Students create custom clothes for cheap

Kelly Maile

Four of Kent State’s entrepreneurship

students are giving makeovers

to people on campus with a new personalized,

professional style, starting

with President Lester Lefton and

Robert “Yank” Heisler, dean of the

College of Business Administration.

“It star ts with the customer

because it truly is a customized

process,” said Shannon Gallagher,

a business partner for Get-In-Vestments,

a new customized clothing

business. “We are offering a one-ofa-

kind customized product made just

for you at an affordable price.”

Get-In-Vestments, which started

last semester in partnership with a

manufacturing firm in China, customizes

professional attire like suits,

pants, shirts and blazers.

“Alex and I came up with the business

idea because his father has his own

manufacturing firm in Shanghai, China,”

said Nathan Rango, co-founder of

Get-In-Vestments. “It just started out as

an idea in our intro to entrepreneurship

class, but we were getting such great

feedback from our professors that we

decided to turn it into our student-run

business for the major.”

The Get-In-Vestments team is

made up of co-founders Rango and

Alex Neal, fashion expert Shannon

Gallagher and overall operations

manager Kyle Hughes.

“Everyone has really stepped

into their own and we work so well

together,” Rango said. “If there is a

problem we communicate it and that

is one of the big things about running

a business, is the partnership.”

The team plans to premiere one of

the first orders they have received, a

classic blue blazer with Kent State’s

logo and embroidery of the College

of Business Administration, to Lefton

and Heisler this week.

“We had just finished up measuring

the dean for his blazer when we

found out we had 10 minutes to meet

with President Lefton,” Gallagher

said. “We were in our suits and ties

and we literally sprinted to the second

floor of the library to measure

him up.”

The students described their experience

talking to Lefton and sitting in

his office around a huge conference

table right next to his picture with

President Obama.

“I think the biggest thing to us is

not measuring President Lefton, but

being a student here at Kent State,

you always feel that you are just a

number or you will never get the

time of day,” Gallagher said. “But

the president and the dean support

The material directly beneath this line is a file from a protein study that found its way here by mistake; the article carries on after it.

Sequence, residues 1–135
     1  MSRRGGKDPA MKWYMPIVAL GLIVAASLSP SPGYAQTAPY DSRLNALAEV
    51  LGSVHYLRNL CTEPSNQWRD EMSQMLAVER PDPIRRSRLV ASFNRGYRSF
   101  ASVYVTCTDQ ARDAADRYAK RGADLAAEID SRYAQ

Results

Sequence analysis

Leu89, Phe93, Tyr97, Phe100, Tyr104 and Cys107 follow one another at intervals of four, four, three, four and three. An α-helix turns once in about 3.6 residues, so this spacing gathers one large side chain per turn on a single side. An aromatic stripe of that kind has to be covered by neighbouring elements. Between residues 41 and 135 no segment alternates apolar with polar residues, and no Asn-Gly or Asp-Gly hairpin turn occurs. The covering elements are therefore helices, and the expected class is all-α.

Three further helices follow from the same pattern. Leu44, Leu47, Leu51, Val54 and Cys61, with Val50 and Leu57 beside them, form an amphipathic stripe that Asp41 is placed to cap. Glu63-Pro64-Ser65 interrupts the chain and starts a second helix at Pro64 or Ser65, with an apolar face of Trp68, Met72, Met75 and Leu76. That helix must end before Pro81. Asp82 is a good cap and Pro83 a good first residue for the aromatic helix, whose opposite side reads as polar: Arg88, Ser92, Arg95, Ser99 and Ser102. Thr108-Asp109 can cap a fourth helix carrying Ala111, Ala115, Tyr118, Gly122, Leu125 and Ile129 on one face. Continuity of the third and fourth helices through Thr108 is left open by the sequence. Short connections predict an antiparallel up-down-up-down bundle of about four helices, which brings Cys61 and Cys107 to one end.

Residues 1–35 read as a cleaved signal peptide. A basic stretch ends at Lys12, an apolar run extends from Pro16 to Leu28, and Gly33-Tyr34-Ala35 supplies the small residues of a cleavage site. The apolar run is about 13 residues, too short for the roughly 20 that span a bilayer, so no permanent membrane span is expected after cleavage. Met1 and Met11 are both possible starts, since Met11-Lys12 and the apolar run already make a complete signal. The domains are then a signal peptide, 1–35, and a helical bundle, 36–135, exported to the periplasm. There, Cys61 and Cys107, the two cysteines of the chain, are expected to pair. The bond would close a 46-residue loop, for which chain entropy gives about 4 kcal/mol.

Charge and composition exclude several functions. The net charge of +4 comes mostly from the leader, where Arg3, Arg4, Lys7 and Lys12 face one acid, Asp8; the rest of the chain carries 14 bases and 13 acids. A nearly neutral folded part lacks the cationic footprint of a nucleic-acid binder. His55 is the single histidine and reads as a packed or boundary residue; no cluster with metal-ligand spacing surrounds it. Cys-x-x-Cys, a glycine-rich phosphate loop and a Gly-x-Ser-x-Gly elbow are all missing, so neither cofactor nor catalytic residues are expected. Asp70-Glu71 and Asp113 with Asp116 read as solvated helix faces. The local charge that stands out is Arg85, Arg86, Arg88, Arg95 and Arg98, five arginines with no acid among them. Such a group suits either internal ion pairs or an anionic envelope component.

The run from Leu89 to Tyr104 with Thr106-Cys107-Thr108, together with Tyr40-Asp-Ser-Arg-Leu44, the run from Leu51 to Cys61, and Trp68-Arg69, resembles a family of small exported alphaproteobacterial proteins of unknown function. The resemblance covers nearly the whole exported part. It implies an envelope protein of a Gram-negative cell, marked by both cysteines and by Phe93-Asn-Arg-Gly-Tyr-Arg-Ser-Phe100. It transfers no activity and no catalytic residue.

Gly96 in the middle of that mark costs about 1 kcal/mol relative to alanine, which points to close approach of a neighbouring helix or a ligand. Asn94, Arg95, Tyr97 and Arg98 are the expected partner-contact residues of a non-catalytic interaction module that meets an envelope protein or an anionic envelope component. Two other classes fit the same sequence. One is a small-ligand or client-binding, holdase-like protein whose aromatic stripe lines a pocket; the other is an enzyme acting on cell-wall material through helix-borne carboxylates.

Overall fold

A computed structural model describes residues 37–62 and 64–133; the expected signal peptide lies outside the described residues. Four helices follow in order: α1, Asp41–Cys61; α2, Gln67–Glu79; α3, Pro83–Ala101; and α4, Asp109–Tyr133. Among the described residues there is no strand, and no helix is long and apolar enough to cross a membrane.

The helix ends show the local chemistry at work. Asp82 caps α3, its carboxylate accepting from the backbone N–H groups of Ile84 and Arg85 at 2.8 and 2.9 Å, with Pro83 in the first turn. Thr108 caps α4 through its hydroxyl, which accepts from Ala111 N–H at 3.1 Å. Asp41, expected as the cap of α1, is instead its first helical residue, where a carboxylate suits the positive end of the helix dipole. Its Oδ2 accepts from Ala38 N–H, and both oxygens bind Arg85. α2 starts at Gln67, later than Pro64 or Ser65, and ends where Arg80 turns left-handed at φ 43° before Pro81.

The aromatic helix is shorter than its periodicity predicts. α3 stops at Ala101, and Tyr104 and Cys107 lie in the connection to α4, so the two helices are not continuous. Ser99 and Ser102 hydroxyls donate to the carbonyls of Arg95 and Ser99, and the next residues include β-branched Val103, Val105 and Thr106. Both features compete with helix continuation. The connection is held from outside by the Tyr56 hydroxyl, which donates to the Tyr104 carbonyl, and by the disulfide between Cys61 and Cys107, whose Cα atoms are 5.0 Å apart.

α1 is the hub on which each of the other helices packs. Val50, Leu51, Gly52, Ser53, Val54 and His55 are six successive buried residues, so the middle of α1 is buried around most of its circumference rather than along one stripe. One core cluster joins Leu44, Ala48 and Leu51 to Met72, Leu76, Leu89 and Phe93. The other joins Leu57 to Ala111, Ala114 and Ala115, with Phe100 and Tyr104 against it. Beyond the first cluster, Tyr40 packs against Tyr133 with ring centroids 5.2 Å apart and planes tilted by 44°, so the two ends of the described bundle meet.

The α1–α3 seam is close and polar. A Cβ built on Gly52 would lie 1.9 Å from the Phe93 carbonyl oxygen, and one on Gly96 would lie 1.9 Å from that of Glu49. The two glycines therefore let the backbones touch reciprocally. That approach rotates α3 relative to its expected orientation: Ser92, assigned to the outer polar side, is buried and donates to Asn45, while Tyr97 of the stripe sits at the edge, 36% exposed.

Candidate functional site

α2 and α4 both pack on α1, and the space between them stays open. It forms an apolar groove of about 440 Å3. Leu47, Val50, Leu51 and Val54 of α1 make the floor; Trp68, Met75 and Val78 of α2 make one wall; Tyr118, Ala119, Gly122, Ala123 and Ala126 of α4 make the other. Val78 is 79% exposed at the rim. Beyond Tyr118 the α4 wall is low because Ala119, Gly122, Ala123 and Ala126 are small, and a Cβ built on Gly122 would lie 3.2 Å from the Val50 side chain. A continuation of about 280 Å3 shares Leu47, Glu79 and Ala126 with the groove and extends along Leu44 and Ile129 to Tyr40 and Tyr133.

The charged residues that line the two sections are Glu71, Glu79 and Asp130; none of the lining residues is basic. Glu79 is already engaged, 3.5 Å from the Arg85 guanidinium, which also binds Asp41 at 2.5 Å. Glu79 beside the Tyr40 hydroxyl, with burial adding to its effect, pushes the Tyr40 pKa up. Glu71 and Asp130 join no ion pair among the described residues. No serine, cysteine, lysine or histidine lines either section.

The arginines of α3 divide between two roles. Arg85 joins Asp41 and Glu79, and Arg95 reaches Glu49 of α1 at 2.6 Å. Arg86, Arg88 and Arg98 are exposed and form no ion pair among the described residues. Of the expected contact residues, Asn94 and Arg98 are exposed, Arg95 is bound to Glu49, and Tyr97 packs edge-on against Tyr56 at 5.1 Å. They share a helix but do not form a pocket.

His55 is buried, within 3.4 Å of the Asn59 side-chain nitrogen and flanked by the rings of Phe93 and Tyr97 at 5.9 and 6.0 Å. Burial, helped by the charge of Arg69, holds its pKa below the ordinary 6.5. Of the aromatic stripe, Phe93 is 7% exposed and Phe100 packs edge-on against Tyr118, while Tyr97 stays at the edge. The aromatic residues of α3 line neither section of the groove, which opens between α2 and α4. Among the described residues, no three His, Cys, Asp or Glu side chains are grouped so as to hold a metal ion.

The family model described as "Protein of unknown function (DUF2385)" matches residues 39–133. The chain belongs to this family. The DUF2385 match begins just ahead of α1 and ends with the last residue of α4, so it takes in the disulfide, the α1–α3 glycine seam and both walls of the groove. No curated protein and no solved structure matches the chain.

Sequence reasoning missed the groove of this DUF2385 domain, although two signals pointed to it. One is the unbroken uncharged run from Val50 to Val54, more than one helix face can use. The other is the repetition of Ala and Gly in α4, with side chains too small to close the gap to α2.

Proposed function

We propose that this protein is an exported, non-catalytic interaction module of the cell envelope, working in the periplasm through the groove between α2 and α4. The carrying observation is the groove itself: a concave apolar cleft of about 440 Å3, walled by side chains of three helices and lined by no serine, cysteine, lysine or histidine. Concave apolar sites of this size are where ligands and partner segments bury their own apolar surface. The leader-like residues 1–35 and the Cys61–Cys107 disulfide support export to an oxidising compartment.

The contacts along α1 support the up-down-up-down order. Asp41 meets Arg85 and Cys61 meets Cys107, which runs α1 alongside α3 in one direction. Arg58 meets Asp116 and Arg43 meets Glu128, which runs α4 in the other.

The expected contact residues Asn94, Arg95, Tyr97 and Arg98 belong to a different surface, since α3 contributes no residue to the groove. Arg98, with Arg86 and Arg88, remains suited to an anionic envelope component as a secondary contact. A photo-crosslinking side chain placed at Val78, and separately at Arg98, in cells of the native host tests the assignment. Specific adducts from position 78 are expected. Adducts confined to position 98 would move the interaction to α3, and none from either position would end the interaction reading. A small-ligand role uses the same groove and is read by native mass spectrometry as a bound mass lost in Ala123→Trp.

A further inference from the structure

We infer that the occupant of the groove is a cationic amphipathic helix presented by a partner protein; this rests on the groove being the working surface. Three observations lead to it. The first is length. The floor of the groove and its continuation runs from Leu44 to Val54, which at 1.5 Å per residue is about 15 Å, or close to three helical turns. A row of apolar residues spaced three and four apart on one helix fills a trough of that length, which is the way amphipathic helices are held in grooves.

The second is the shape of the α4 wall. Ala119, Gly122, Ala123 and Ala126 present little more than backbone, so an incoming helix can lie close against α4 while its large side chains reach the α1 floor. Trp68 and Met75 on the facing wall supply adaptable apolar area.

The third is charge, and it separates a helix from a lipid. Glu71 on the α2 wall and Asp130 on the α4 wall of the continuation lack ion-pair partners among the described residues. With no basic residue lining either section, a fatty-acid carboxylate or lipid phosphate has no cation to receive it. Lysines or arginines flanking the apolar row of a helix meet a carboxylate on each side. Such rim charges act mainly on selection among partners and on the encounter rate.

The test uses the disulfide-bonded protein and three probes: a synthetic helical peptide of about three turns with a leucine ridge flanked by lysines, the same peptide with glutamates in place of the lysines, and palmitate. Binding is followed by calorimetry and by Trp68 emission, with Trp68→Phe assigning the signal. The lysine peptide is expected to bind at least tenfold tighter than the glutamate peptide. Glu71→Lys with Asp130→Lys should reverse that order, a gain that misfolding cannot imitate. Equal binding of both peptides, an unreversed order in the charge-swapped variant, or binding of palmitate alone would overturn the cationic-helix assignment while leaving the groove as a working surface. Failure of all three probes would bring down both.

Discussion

us and took the time to meet and talk

with us about our business and what

direction we are going to take it in

the future.”

The students were excited to find

that both Heisler and Lefton took an

interest in their business and wanted

to help.

“There really is no other way

you can support a business like this

except buying a blazer,” Hughes

said. “We were actually going to try

to give the dean and president a discount,

but they wanted us to charge

a price where we could make a profit

off of them to help get our business

off the ground.”

Get-In-Vestments charges $135 for

a standard customized blazer and $35

for a shirt. The pricing is an advantage

for the business, even though the team

is finding that people are willing to

pay more for a customized product.

“When I go to Express, I can maybe

find a couple things I can fit into and

I’m paying $200 for a blazer and $50

for a shirt that’s not even fitted,” Rango

said. “We are offering a customized

product as we are beating the standardized

product through pricing.”

The business originally started

because the students saw a need for

clothing that fits people the right way.

Get-In-Vestments is not a clothing store

and they are different from a retailer

because they are making a product specifically

for each of their clients.

“There are so many different body

types out there, for example, you

have two similar-looking guys who

both wear mediums, but are completely

different.” Gallagher said.

“This is an opportunity to address

all the different people that haven’t

purchased clothing that they like or

are comfortable in.”

Their target market is not only

deans and presidents, but they want

to appeal to the students at Kent

State. Get-In-Vestments gets most of

its orders from alumni, students and


“Alex and I are in Sigma Nu, and

other fraternities notice our blazers,

they want them. And from a business

standpoint, we want to give them the

option to buy our product,” Rango

said. “The Greek community gives

us an entire network of options.”

After the blazers come in, the team

hopes to get more orders from other

deans, professors and students.

“Right now, we need to make sure

these orders are exactly how we specified

them and that we get them here

as quick as we can, but we also need

to have confidence in our process

and in our business,” Hughes said.

“We are going to be really proud and

excited when we see people like the

dean and the president wearing one

of our blazers.”

The students feel they have come

a long way from being students with

an idea to actually running their own

business that will hopefully grow

over time.

“We are just getting started and we

are going to keep doing this,” Hughes

said. “We have really good leads with

President Lefton and Dean Heisler,

and we just want to keep feeding off

of each of our successes.”

Contact College of Business

Administration reporter Kelly Maile

at [email protected].